When you combine the appetite(greed) for profits with the debt-backed currency the economy eventually gets to a point where the largest corporations in the world will be subsidizing most of the population for every basic need in order to maintain civility. Individuals will either be able to live comfortably off their 'investments' in these corporations or you will be a laborer that is forced through taxes to help subsidize the basic necessities for all the people who are living in less-than-wealthy conditions. The problem is the few in control of the monetary system can control the lives of billions with the tools they have.

To me it seems that they are playing into these elite hands when they nominalize the amount of dollars it takes to feed the poor. It takes 3 meals a day to feed them, not $1.25. If we could just allocate resources better rather than pushing money around to make things happen we could solve problems. Every time someone spends $1.25 to help the poor the currency-makers have already secretly taken their share. Each year the amount they take gets exponentially larger (compounding interest)... I guess it's just hard for me to believe what you claim Agenda 21 is trying to accomplish as anything more than a plan to make people become further indebted to the central banks because all we need is $1.25 of their product (debt money) per day to eliminate extreme poverty?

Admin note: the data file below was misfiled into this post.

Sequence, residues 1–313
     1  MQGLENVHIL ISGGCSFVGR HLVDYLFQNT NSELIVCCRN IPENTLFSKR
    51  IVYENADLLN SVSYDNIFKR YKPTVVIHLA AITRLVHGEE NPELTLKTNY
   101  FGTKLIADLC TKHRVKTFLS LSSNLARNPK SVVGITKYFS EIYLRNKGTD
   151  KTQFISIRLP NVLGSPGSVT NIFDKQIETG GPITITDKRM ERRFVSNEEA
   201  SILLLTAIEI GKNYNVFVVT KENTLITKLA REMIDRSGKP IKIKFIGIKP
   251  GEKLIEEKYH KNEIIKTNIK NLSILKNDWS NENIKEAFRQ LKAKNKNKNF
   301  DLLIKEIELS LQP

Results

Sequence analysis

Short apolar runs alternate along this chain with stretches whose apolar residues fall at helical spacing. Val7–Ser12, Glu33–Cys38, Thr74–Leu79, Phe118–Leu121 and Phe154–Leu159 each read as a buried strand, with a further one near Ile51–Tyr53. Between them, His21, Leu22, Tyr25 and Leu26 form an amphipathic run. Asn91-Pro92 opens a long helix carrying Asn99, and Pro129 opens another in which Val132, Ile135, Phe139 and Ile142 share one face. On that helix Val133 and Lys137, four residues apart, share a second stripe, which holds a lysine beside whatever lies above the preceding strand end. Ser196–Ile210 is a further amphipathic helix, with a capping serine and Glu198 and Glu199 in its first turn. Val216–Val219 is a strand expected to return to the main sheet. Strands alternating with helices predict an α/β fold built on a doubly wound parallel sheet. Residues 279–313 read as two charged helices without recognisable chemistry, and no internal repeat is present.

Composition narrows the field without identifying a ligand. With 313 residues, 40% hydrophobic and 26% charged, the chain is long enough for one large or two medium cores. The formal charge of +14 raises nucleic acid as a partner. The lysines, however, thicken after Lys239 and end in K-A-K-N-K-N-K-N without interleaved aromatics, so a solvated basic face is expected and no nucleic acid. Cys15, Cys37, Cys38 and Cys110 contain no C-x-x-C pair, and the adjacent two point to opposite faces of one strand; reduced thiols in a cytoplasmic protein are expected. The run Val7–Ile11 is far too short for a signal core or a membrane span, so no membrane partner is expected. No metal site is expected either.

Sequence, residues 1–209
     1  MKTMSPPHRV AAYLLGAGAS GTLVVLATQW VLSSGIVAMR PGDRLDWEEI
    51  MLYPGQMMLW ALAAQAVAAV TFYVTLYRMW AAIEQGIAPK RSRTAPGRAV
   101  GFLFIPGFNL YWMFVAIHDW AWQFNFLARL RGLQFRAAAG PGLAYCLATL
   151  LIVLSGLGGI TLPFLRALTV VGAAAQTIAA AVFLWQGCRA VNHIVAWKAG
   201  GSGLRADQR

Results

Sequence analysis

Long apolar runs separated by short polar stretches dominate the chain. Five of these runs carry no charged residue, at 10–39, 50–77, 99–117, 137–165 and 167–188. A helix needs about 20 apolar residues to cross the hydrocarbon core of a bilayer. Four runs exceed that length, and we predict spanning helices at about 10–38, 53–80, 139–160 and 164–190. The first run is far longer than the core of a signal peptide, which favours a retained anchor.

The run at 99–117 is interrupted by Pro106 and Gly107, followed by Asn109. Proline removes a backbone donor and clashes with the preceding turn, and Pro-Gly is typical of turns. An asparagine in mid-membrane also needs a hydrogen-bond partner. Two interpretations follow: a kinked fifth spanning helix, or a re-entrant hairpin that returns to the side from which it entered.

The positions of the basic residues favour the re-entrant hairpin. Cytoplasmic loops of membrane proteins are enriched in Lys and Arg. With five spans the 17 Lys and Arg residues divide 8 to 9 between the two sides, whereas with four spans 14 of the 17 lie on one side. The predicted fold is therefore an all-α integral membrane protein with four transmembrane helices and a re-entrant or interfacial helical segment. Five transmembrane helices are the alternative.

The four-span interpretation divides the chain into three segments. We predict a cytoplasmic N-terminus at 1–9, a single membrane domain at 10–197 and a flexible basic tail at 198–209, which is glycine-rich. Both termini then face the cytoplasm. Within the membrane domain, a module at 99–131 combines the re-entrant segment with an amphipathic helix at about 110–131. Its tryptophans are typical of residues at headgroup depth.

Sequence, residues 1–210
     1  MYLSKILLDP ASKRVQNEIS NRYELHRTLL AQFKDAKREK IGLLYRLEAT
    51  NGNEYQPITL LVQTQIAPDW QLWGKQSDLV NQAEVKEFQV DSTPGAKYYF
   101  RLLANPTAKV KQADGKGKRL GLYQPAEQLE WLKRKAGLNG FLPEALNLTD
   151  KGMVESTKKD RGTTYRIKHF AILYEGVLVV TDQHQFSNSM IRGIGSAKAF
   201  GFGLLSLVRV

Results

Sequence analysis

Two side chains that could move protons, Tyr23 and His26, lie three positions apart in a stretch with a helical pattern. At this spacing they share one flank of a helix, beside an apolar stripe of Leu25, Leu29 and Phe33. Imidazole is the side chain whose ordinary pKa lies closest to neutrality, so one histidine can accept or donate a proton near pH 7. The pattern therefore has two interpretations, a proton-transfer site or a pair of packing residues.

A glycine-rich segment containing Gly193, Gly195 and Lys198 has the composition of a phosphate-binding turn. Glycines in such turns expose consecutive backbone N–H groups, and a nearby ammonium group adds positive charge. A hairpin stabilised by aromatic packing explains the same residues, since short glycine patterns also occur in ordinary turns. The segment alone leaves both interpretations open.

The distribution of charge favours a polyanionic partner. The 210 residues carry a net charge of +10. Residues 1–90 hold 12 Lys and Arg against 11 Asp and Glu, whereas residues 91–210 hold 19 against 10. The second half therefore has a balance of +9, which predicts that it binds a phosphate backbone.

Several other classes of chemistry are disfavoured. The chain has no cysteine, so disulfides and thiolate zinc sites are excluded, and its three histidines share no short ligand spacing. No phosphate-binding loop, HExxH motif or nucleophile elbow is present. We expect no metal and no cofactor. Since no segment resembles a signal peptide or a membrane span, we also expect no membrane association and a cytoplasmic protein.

How can the UN reduce the infant mortality rate in the Unites States, which is among the highest in the developed world?



posted on Jul, 27 2014 @ 01:18 AM
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originally posted by: Quetzalcoatl14


You, or your friend, make a lot of claims that under scrutiny can be seen as false. Do tell me, how exactly does he plan to... let's read below...



originally posted by: Quetzalcoatl14
1.1 by 2030, eradicate extreme poverty for all people everywhere, currently measured as people living on less than $1.25 a day

1.2 by 2030, reduce at least by half the proportion of men, women and children of all ages living in poverty in all its dimensions according to national definitions